Oh, this is great; three ladies are making the bazlama right here. They’re sitting on the ground around a couple very low (table) platforms. One lady is kneading the dough and she’s passing it to another lady who is rolling it out with a very smooth rolling pin that resembles a cue stick. It’s rolled so thin it translucent, you can nearly see through it. She picks up her work, draped over her stick; it has gone from the size of a flattened softball to maybe 2 feet around. She now places it on a stack of those she has already created. Another lady is removing one from the stack now and placing it on the piping hot grill; she rolls it over the hot steel and then waits a moment – maybe two and then turns it over. In minutes we have another piping hot piece of fantastic bazlama folded and placed aside for later; yes, folded into a square about the size of a paperback book. This is wonderful but I need to get back to the bus and get Carol so we can wander around more ruins.

Back at the bus now, Carol is crocheting and enjoying this beautiful day. I suggest we should visit the arch we saw as we rode through the village. She puts away her crocheting and we put away the chairs. Walter joins us and we all walk down into the village center to see the grand arch of the south entrance to the ancient city. As we near the arch, a village dog is chasing a calf across the park next to us.  He’s not happy with the cow being where it is for some reason, we don’t know. It turns into quite a chase because the park is walled and as the calf reaches the far side I wonder how he’ll escape; no sweat - he leapt the wall with ease.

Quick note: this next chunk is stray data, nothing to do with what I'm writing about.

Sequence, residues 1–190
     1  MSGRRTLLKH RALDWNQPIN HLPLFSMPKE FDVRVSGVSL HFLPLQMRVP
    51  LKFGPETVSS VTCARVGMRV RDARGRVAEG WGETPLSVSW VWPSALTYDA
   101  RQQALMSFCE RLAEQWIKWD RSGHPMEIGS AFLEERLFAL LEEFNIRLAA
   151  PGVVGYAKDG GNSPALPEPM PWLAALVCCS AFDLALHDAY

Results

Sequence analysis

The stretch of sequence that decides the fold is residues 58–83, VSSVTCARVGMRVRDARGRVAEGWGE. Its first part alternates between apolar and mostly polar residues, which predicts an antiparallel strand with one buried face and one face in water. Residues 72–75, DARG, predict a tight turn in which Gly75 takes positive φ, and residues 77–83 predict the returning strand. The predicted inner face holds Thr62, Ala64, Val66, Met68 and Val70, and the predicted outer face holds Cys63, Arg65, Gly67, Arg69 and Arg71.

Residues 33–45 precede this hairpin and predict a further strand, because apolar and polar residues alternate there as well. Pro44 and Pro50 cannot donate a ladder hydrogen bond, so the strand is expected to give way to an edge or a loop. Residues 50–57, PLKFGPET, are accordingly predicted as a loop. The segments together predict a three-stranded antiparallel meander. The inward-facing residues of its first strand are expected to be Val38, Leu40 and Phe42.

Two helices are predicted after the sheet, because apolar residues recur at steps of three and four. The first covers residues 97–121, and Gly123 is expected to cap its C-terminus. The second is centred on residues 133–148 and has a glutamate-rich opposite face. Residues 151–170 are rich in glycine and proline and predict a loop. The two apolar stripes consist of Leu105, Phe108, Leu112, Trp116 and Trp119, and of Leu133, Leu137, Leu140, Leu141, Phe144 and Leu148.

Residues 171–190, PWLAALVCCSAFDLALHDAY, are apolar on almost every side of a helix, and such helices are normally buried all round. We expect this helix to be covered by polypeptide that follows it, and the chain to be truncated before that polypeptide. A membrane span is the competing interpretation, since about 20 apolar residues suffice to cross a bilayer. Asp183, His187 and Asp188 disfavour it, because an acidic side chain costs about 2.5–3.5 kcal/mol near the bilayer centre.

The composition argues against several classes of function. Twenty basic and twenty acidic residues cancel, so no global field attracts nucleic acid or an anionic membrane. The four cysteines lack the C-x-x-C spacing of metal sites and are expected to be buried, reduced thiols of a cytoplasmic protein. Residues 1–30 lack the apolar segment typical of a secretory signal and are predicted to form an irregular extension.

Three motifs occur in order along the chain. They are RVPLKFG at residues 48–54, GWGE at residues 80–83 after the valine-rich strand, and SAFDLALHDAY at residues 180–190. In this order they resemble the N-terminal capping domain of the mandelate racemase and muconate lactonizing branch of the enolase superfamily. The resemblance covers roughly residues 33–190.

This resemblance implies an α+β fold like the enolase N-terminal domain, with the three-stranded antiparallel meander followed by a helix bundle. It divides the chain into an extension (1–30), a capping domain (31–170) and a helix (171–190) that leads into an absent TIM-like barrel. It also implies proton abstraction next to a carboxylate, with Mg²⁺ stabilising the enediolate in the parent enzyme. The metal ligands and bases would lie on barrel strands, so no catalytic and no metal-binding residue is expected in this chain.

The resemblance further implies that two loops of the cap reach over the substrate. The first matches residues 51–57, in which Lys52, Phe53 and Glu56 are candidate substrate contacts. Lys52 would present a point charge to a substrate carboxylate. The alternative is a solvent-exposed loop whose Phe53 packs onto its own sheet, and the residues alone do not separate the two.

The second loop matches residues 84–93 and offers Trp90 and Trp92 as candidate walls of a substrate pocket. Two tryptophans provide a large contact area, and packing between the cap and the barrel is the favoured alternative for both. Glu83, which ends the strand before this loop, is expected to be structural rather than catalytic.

The main three-span arch of the south gate is deteriorating and has recently been reinforced with a steel super-structure. This is unfortunate but after 2.000 years hardly surprising. I’m always in awe of the ruins we find all around us in Turkey; it’s often hard to imagine how anything could stand for so long without total destruction. I’m amazed this stands at all. This area continues to be struck by mild earthquakes and back in 1945 it was hit especially hard, causing further destruction of what ruins remained from the 6th century earthquakes. Modern day pollution and the continuing weather take their toll as well; a major storm system a couple years ago caused the damage to the grand arch making the steel support frame necessary. At the foot of this imposing gateway strewn about the grounds are friezes, cornice blocks, column bodies, Greek stone inscriptions and Corinthian column capitals which were used in this illustrious edifice. All of these ruins give us an excellent idea of the remarkable stateliness of Anazarbus as an ancient city of note.